Some may wonder why it is necessary to have a discussion of swimming pools in housekeeping section.
Shouldn’t the pool be under the purview of the maintenance department? It should be remembered that the classical matching principle of accounting requires that expenses be related to the revenue being generated by a specific department.
The maintenance department is normally responsible, and is budgeted for, the repair and maintenance of a facility, not the management of an operating department. Should there be a breakdown in the physical operation of the pool system, water leaks, or mechanical breakdowns of the filtering or chlorinating systems, such repairs should be made by the maintenance department.
Otherwise, the day-to-day operation of the pool should come under some operational subdepartment associated with rooms operations and revenue. Because the main task demanding most of the employee wage dollar-hours is generated by keeping the pool area clean and supplying guest services, operation and management of the pool and pool area will usually come under the domain of the housekeeping department.
In very large pool systems it is possible that an operating engineer be assigned to nothing else but the mechanical systems of the swimming pool, but this is usually an exception. Most pool operating functions are organized under the overall responsibility of the executive housekeeper, assisted by a senior lifeguard or pool supervisor who will oversee the total operation of the pool and surroundings as further assisted by a staff of lifeguards or pool attendants. The difference between the lifeguard and the pool attendant is explained later in this article.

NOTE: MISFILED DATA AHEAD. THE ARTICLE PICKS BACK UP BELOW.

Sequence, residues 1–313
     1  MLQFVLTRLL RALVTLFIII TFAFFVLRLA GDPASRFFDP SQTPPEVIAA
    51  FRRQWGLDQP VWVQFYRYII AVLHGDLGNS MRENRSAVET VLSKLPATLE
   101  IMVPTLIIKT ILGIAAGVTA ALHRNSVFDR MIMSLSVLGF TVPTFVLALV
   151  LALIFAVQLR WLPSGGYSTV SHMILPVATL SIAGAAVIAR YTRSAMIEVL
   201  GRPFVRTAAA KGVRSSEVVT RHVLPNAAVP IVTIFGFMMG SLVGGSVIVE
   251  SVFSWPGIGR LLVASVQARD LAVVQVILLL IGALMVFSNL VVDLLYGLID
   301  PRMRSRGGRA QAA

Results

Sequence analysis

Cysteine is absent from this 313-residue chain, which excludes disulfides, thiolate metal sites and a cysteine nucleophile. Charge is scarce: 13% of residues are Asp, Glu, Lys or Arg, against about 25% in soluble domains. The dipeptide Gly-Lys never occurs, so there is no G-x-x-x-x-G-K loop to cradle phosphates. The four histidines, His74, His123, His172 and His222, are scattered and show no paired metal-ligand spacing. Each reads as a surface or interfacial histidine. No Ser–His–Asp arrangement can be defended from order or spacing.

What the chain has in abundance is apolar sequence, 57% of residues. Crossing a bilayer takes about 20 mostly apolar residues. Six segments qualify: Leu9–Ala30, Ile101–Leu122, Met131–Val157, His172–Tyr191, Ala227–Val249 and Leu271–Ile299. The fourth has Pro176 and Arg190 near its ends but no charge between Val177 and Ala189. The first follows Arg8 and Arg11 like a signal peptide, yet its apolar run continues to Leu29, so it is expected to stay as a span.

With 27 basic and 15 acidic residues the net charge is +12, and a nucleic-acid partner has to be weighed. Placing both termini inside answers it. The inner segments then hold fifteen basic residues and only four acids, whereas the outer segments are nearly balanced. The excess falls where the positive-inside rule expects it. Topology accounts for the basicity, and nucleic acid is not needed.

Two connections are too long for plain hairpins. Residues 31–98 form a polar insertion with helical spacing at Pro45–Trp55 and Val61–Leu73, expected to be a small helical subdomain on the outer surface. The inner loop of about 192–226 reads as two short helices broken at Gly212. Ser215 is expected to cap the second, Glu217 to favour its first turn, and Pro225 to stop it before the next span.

Although no two swimming pool systems are exactly alike, most are designed with certain generic operating requirements. The following 13 components are usually present in any system, and understanding their purpose and operation can help the reader visualize how the first three objectives mentioned earlier are attained.
Water Inlets—Plumbing jets where filtered water enters the pool.
Inlet jets direct the water in a counterclockwise motion around the pool.
Skimmers—Water-level basket holders with plumbing leading water out of the pool into the internal piping system leading back to the filters.
Fill water must be regulated to keep the pool water at the optimum level; otherwise, a low water level will cause air to be drawn into the closed liquid loop and the circulating system will cease to operate.
Skimmer Baskets—These are catch baskets designed to fit into skimmers where surface debris can be caught and removed from water.
The counterclockwise circulation of the surface water will cause most debris to pass into one or more of the skimmer baskets.
Baskets holding the debris can be lifted out and emptied periodically.
Main Drain—Located at the bottom of the deepest point in the pool, drains debris off the bottom of the pool, or can be used to drain the pool entirely, if necessary.
Drain Manifold—Collects water from all drain lines returning water from the pool to the filter.
Manifold has a regulating valve on each line for controlling the volume of flow from each returning line. Valves are usually adjusted to regulate an even flow through each skimmer with a partial flow through the main drain.
Main Trap—May be opened and the trap basket emptied of any debris that was missed by the skimmer baskets (small rocks, etc.), before water enters the pump.